Dear Yoshiki, dear Ed,

thank you for your replies, over which I have been meditating for a

weekend.

I have tried to implement a singular value decomposition with U and V

always

square - and maybe of different sizes. I was following a calculated

example

from a

textbook to do this.

The idea is the following.

Assume we want to calculate the SVD of matrix a (not necessarily

square).

I was considering a=[[10 5 -10],[2 -11 10]] as an example, so no

isssues with

respect to 64 bit precision can matter here.

I’ll describe the procedure and draw a line how far I could follow

it (to Float’s precision).

It was suggested to calculate b=a*a.tranpose, to get the eigenvalues
of b : lambda_1=360 and lambda_2=90.
The singular values of matrix a are then the square roots of these
numbers,
i.e.
sigma_1=6*sqrt(10) and sigma_2=3*sqrt(10).

One may then calculate normed eigenvectors to lambda_1: [-1/sqrt(2)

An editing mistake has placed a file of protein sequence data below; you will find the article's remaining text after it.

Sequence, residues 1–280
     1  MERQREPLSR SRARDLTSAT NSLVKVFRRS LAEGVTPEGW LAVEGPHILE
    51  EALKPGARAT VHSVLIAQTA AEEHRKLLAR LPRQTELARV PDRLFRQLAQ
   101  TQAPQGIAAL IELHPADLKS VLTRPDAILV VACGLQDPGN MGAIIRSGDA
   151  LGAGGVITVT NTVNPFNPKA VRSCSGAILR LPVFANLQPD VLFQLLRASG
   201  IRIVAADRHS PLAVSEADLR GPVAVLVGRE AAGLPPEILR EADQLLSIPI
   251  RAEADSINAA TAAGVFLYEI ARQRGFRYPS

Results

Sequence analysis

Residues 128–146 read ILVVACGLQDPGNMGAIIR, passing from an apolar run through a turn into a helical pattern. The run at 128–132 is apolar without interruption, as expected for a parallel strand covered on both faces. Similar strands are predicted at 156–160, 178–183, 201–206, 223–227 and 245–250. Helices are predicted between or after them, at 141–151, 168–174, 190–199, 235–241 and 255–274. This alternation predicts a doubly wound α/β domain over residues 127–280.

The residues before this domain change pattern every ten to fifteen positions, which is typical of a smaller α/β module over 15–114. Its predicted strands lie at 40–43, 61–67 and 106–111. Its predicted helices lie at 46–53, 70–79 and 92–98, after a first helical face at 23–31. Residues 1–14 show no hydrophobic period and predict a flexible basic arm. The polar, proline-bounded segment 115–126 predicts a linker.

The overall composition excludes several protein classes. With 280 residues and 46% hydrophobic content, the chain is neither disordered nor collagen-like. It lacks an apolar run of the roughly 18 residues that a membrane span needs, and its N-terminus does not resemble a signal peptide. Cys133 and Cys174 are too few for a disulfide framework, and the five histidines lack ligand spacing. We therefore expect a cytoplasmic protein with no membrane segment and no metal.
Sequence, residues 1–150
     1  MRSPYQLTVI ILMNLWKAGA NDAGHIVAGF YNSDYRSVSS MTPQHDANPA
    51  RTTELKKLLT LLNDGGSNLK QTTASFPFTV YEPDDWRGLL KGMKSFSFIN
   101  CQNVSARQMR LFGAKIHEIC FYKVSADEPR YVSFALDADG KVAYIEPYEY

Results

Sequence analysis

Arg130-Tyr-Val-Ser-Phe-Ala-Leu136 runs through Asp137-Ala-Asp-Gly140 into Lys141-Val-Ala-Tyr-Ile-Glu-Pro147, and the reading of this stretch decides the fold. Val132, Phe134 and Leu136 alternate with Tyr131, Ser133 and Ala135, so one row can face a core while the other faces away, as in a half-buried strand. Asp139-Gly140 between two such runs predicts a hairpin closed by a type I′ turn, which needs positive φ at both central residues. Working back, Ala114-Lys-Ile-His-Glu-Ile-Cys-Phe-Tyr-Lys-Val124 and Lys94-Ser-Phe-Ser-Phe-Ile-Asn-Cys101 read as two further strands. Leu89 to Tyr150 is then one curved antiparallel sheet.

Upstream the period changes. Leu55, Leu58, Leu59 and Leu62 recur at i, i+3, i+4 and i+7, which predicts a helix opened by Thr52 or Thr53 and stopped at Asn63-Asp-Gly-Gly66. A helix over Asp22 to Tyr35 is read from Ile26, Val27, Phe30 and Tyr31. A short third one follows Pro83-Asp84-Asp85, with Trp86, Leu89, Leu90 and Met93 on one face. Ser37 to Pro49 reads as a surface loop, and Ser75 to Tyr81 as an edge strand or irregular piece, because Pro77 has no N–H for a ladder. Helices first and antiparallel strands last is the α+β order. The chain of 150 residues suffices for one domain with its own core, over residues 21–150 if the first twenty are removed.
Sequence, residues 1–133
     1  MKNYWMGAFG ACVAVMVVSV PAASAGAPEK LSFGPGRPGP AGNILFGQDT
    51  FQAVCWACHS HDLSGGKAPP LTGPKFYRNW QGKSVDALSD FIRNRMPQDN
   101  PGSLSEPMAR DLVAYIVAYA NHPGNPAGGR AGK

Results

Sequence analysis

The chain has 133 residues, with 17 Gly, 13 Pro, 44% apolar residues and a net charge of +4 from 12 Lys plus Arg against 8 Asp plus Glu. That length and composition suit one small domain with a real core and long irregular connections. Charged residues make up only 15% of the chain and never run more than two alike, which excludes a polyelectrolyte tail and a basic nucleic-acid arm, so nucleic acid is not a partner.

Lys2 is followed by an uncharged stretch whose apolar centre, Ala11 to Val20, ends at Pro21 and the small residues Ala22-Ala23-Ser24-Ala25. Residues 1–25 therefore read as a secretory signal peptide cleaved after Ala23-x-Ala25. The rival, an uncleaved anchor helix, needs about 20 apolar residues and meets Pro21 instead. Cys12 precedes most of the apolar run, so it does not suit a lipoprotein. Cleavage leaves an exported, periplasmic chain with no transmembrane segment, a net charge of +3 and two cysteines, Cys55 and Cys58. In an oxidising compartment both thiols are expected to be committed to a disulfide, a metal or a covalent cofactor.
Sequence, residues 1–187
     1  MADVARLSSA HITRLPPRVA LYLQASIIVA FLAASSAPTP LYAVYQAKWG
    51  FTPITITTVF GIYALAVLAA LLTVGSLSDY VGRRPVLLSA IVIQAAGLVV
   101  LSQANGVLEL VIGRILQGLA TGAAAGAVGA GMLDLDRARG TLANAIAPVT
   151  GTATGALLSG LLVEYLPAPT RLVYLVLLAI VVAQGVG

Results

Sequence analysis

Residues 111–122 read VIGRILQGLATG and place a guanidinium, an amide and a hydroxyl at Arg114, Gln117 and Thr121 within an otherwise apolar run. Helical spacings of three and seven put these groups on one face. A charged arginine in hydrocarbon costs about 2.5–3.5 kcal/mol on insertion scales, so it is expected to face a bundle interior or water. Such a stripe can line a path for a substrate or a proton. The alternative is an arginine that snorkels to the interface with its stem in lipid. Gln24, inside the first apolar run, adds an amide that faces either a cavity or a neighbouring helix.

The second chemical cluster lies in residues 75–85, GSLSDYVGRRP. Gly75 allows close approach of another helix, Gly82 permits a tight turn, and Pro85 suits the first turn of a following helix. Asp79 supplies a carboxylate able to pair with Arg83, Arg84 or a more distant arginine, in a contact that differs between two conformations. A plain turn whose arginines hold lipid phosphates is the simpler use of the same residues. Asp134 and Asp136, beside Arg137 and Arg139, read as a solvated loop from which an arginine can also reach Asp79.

1/sqrt(2) ]

and to lambda_2 := [ 1/sqrt(2) 1/sqrt(2)], these two vectors form the

matrix

V.

Now, to calculate U, one uses the fact that

a.tranpose*v.column(0)=sigma_1*u_column(0)

and a.tranpose*v.column(1)=sigma_2*u_column(1).

This gives two vectors, but as U is 3x3, I need a third vector, which is

constructed using

Gram-Schmidt orthogonalization.

In the textbook, this third vector is determined to be [ 1/3 2/3

2/3].transpose , giving

U as [ [-2/sqrt(45) 2/sqrt(5) 1/3],[-4/sqrt(45) -1/sqrt(5)

2/3],[5/sqrt(45)

0 2/3]].

I tried to construct U from a random vector, but I got something like

[0.304

0.657 0.657] instead

and determinants for U between 0.96 and 1.03 , where they should be 1

or

quite close to 1

all the time.

Up to calculating U, all the calculations I got were in Float-perfect

harmony with

the textbook example.

So, I’ve checked my Gram-Schmidt implementation, but I can’t find any

errors

in there, and

I can reproduce some worked-out examples from textbooks …

So, my guess was that maybe the sigmas I calculated from GSL

eigenvalue

calculations

might be to blame, but you tell me that that’s not the case …

Best regards,

Axel